A Wyoming Public Media article, titled “NOAA Upgrades Forecasts As Climate Change Drives More Severe Storms,” falsely claims climate change is making extreme weather event worse. Scientific data, NOAA data, and even the United Nations Intergovernmental Panel on Climate Change (IPCC) dispute any claim that climate change “drives more severe storms,” as the article’s title asserts.
Initially, the article stuck to facts about NOAA’s new system.
“The National Oceanic and Atmospheric Administration upgraded the computer model that forecasters use to predict the weather one to two weeks in the future, called the Global Forecast System. The new model is better at predicting where hurricanes will form and how intense they will be as well as where and when snowstorms and rainstorms will occur, and how much precipitation will fall.”
Rather than proceeding to describe how NOAA’s new technology will work and why it is an improvement over forecasting technologies and methods currently in use, the article quickly strays into climate alarm.
“Climate change is driving more severe weather across the country,” claims the article. “In recent years, Americans have experienced record-breaking hurricanes, wildfires, heat waves, and rainstorms.”
Data show, contrary to Hersher’s claim, hurricanes are neither becoming more powerful nor more numerous. As meteorologist Anthony Watts noted in a recent Climate Realism post, even counting 2020, “the number of major landfalling U.S. hurricanes — the most reliable hurricane trend indicator — has not increased since 1900 (see Figure 1 below)
Figure 1. Number of continental United States landfalling hurricanes 1900–2019. Left, all hurricanes, right, major hurricanes (category 3 and above), with (insignificant) regression lines, (Klotzbach et al., 2018), with 2018–20 updated from personal communication with lead authors. Figure 1 was composed by Dr. Bjorn Lomborg in an update of his peer-reviewed paper Welfare in the 21st century: Increasing development, reducing inequality, the impact of climate change, and the cost of climate policies , posted on Facebook on January 3rd, 2021.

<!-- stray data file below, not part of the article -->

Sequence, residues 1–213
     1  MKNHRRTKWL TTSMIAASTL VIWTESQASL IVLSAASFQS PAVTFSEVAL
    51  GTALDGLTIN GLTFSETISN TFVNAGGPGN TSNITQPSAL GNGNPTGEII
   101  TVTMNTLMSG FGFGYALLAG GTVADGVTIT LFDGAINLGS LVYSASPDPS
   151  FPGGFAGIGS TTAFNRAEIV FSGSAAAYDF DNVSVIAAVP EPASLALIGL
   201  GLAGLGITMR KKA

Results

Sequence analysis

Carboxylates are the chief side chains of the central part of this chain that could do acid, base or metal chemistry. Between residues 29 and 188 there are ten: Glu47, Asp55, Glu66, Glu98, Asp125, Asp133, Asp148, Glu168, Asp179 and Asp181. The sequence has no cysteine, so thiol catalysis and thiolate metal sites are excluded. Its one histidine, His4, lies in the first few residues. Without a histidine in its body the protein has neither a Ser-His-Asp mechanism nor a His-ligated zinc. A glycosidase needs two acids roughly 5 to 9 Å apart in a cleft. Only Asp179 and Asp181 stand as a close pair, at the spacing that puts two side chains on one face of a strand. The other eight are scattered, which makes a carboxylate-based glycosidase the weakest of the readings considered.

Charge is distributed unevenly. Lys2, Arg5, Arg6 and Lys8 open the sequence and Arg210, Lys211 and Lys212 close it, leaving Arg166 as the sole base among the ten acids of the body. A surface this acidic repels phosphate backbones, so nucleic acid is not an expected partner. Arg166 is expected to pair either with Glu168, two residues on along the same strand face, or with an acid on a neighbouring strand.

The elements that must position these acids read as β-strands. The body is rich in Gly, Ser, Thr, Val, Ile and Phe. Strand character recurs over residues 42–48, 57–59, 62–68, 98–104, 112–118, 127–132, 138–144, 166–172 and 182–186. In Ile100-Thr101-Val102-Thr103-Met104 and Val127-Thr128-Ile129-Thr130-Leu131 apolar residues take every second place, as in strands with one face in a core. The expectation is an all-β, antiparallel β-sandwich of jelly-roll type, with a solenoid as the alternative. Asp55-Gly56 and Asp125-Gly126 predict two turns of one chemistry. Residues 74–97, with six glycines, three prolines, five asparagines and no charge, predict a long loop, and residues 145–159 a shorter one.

“Notice the complete absence of major hurricane landfalls in the U.S. from 2006 through 2016. That had never happened before in the U.S. hurricane record,” writes Watts.
Also, data from Meteorologist Dr. Ryan Maue show global tropical cyclone Accumulated Cyclone Energy (ACE), a measure of global hurricane power, has declined slightly over the past 30-years (see Figure 2 below)
Figure 2. Global Tropical Accumulated Cyclone Energy from 1989 to 2020. Graph by Dr. Ryan Maue.
Nor has drought increased globally or in the United States as the earth has modestly warmed. As documented in Climate at a Glance: Drought, the IPCC reports with “high confidence” that precipitation has increased over mid-latitude land areas of the Northern Hemisphere (including the United States) during the past 70 years. IPCC also has “low confidence” about any negative precipitation trends occurring globally.
Moreover, NOAA reports America is currently undergoing its longest period in recorded history with less than 40 percent of the country experiencing “very dry” conditions. In addition, in 2017 and 2019, the United States registered its smallest percentage of land area experiencing drought.
Data show Wyoming Public Media’s claim about heatwaves is also wrong. A recent summary of heatwave records, Climate at a Glance: U.S. Heatwaves, cites NOAA data which show heatwaves are far less severe in recent decades than was the case during the 1930s – nearly 100 years of global warming ago (See the figure below). Also, data show the majority of each state’s all-time high temperature records were set during the first half of the 20th century. The most accurate nationwide temperature station network, implemented in 2005, shows no sustained increase in daily high temperatures in the United States since at least 2005.
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By H. Sterling Burnett -March 24, 2021